For second-year students Chelsea McGuire and Whitney Smith, the road to a medical career veered east this summer, to Nairobi, Kenya, where they spent five weeks helping a local hospital make critical improvements in its Community-Based Health Care (CBHC) Program. Their journey resulted from a first-ever collaboration between the Little Sisters of St. Francis, the religious order managing the hospital, and Einstein's Global Health Center.
St. Francis Community HospitalThe center, founded in 2007, coordinates Einstein's global health activities in education, research, and service. Its program manager, Jill Raufman – who has traveled to Kenya frequently over the past decade, as part of her work for Kiboko Projects, a not-for-profit organization that implements cultural exchange programs throughout the world – learned of St. Francis on a recent trip to Kenya of her own, where she discussed the St. Francis CBHC program's needs with its coordinator, Sister Esther Wairimu Mwangi.
"The hospital is so well-run; the staff members are so devoted. They're going out to the community, and they know what they're doing," said Ms. Raufman. "I had such a good feeling about St. Francis. And I knew our students could really learn from the program, and that our help would go far there."
Coincidentally, Ms. McGuire approached Ms. Raufman soon after she had returned from Kenya. "When Chelsea expressed an interest in working in Kenya, I knew that St. Francis would provide an ideal opportunity," explained Ms. Raufman. "Chelsea then discussed the idea with Whitney and they made their plans to go."
Whitney Smith (left) and Chelsea McGuire (right) flank Jill Raufman while discussing their Kenya experience.At St. Francis, the Einstein duo helped build a database that now tracks the work of the program's 140 community health workers (CHWs) and captures client enrollment information. The program and the CHWs serve more than 1,000 HIV-positive clients in Nairobi, as well as another 2,000 orphans and children made vulnerable by HIV or poverty.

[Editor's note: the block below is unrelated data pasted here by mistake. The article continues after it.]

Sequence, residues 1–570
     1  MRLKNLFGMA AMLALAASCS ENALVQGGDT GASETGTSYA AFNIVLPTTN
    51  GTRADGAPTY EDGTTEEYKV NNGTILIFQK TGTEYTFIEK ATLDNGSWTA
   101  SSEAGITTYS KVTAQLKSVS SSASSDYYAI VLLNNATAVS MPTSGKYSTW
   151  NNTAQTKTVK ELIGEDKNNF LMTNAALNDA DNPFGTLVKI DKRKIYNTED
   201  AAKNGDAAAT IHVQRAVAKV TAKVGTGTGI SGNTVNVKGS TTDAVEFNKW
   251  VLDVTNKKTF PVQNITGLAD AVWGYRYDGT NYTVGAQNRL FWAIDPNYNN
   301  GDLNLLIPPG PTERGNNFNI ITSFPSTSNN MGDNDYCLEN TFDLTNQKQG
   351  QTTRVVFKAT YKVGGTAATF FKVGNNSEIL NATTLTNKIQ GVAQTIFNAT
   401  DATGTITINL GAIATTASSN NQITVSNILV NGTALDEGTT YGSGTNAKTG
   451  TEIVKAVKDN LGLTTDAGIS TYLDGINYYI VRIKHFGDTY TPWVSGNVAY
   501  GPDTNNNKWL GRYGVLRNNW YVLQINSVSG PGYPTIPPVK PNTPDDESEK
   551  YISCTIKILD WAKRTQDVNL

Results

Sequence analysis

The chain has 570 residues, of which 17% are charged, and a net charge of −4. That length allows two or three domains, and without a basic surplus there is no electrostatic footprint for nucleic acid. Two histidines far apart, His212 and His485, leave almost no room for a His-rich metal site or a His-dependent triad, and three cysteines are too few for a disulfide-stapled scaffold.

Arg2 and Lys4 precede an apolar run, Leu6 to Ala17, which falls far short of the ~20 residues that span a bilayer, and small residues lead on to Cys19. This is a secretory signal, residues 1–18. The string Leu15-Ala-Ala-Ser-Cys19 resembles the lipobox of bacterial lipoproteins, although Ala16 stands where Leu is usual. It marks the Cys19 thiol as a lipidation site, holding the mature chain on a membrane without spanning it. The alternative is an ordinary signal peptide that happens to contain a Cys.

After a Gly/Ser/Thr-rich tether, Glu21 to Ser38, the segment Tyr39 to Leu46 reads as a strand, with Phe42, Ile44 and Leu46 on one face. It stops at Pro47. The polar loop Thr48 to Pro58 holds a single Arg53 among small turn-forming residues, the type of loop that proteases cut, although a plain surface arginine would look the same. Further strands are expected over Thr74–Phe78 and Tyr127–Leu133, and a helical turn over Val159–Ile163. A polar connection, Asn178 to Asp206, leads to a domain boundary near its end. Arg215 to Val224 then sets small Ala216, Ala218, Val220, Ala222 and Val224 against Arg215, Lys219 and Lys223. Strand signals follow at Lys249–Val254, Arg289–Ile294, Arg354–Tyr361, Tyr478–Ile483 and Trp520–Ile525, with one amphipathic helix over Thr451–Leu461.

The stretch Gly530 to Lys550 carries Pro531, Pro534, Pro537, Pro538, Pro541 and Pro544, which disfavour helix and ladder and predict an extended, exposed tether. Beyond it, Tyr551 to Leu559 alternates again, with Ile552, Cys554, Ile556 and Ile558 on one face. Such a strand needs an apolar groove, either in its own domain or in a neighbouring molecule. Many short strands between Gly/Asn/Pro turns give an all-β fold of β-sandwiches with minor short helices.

"Whitney and I aren't database experts by any means, but we brought energy and excitement to get the project rolling," said Ms. McGuire.
In some parts of the world, it's easy to take computerized data such as names and clinical codes for granted. But in the disadvantaged neighborhoods of Nairobi's Kasarani district, the new computerized information will allow St. Francis to better evaluate care, apply for funding, and manage its scarce resources.
"The lack of a database was such a big challenge in our service delivery to the community," said Sister Esther. "We are so excited about the database."
For Ms. McGuire and Ms. Smith, the benefit of working with St. Francis was just as exciting. Besides building the database, the students joined physicians on rounds, observed in the surgical theater, and viewed tuberculosis care along with HIV testing and counseling.
Sister Esther, from St. Francis"I felt like I learned something everyday just walking out of our door," said Ms. Smith. "There was so much to learn about healthcare delivery in Kenya."
But perhaps the biggest lessons were the examples set by the St. Francis staff. "The sisters and staff have a genuine love for their community, and are passionate about their work. And yet they always made time to rest, looking back to really savor the work they're doing and feel good about all they've accomplished," observed Ms. McGuire. "I will be grateful if someday I can be half the clinician that Sister Esther is."
Ms. Smith agreed, "The St. Francis staff members are amazing role models. They know their community and are completely dedicated to their mission. They approach their work with a sense of gratitude, focusing of the resources they have and not on what is lacking."
According to Ms. Raufman, the mutual benefits of the collaboration made the program an ideal partner. "The story of how perfectly our connection with the program fell into place is just the first of many stories about how things seem to ‘work out' at St. Francis," said Ms. McGuire.
Today, the two students say they hope to use the lessons from Nairobi in their future medical careers. At the same time, the program is building on their work, with a CHW overseeing the database, and information continuing to flow into it from the field – information that ultimately will allow the program to better meet the needs of its clients.
"It feels wonderful to have been part of this step forward for the program, and to see it moving forward on its own," said Ms. McGuire.
Perhaps another way to express that feeling is the Swahili words she wrote to friends and family, soon after returning home: "Nilirudi Bronx, lakini Kenya ndani roho yangu." ("I have returned to the Bronx, but Kenya is in my heart.")
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Posted on: Thursday, September 22, 2011